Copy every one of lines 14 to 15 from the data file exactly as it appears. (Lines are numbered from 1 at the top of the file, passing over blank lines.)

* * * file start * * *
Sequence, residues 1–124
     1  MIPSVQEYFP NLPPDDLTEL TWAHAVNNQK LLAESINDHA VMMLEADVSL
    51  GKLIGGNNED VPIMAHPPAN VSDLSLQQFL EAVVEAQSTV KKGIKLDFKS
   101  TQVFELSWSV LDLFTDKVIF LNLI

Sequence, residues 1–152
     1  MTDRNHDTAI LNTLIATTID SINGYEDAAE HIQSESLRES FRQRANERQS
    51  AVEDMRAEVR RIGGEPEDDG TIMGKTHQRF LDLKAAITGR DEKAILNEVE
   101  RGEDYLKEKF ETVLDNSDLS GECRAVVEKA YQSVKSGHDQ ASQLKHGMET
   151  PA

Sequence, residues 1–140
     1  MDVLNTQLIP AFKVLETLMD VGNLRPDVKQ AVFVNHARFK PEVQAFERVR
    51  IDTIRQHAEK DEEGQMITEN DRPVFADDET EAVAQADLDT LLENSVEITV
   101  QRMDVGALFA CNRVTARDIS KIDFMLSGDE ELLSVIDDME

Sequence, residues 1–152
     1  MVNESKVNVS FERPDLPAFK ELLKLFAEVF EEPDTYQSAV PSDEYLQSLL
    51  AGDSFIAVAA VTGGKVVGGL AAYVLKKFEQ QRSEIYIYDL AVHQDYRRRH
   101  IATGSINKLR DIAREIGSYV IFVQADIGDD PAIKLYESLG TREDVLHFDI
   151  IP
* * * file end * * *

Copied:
Sequence, residues 1–152
     1  MVNESKVNVS FERPDLPAFK ELLKLFAEVF EEPDTYQSAV PSDEYLQSLL